Use the right element based on the information purpose. For example, if you want to pick the content creator from a list of options, use the Multiple choice element for checkboxes (if multi-choice) or radio buttons (if single-select).
Don’t be too specific, such as Twitter summary (more suitable would be Social network summary).
Content type snippets
- A bunch of content type elements re-used in multiple content types
- Contains content type elements
- Typical use case is metadata for SEO, content brief, customer journey context
Use for sharing elements across content types. It can be only one element if you want to maintain consistency, such as a detailed guideline that would be difficult to manage separately, persona, or page options.
Use to ensure the same naming of content type elements' codenamesOpens in a new window to make your developer's job easier.
- Link content items together, create relationships
- Contain other reusable content items
- Typical use case is related articles, author, child navigation
Use validation in the element to ensure that content creators will link suitable content only.
- Inline, non-reusable pieces of content inside a rich text element that work similarly to content items but don't have a name and are not listed among all content
- Similar to content items, contain filled elements
- Typical use case is a slideshow, attachments, poll, one-time images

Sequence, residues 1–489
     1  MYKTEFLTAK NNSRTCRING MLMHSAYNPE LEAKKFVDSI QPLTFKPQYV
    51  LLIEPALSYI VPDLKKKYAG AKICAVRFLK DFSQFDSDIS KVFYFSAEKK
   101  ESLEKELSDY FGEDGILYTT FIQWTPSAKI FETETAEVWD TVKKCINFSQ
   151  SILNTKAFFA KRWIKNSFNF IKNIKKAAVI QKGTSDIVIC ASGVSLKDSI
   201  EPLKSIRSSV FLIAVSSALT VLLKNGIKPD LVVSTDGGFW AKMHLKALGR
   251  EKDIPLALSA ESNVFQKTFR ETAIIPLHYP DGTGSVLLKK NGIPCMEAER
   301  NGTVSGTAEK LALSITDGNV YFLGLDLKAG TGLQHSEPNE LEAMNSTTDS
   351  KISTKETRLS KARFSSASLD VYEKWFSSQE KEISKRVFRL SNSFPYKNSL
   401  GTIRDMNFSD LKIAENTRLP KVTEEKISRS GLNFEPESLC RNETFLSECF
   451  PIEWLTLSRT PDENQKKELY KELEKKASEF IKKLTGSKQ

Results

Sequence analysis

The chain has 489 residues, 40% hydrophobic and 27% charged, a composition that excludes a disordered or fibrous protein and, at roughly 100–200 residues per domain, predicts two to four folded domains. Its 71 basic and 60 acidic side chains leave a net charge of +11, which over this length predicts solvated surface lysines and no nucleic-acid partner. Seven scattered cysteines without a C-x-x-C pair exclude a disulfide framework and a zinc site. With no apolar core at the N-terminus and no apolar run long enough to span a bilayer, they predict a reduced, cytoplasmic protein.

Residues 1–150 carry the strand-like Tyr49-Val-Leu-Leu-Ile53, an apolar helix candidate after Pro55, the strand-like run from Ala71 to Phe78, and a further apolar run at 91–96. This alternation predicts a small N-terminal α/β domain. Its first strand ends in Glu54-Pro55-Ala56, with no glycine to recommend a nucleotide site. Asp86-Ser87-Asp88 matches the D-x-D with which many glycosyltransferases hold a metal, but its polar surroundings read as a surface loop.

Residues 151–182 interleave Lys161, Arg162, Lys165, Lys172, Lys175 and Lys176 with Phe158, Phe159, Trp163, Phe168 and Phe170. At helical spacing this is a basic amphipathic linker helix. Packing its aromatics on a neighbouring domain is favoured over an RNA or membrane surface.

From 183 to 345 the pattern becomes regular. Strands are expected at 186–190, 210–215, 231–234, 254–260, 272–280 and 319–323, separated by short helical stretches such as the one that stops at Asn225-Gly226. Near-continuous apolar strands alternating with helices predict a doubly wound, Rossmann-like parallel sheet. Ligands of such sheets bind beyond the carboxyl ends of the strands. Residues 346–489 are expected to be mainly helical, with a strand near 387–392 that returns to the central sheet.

Use when the item is tightly related to the parent content item only. When a second use appears, or you want to decouple the workflow, convert it into a content item.
Use for anything that can't be represented using the out-of-the-box rich text toolbar. For example, prices, images, names, or phone numbers.
- A tree of tags for settings or categorization
- Contains its terms
- Typical use case is a persona, text voice, category, colors
Use to manage site relationships, personalization, layout, content discovery, or tags that won't be displayed to your visitors. Useful for internal filtering in the inventory.
Don't use if you want to display the taxonomy term to your website or app visitors. Instead, define a content type as taxonomy metadata.
- Variants of a content item, with the same structure and connected to the original content item
- Similar to content items, contain filled elements
- Typical use case is translations, region-specific content
Use for fallbacks of content.
- Specify child items of a content item
- Similar to linked items, exist only with Web Spotlight enabled
- Typical use case is a page tree for a website
Separate the actual content from the navigation. Create the content in a separate content item and then link your page to it. This way, your content will be ready for an omnichannel presence. Later, you can create a different hierarchy for another channel and reuse the same content.
Now, let’s take a look at how to discover what kind of content types you need for your project.
What content types should be created
Continuing with the coffee example, the first step of coffee preparation is to decide what kind of coffee you are going to make. Those coffee recipes are different content types. One recipe allows you to make the same coffee over and over again, and so do content types. They allow you to create content items, instances of the content type.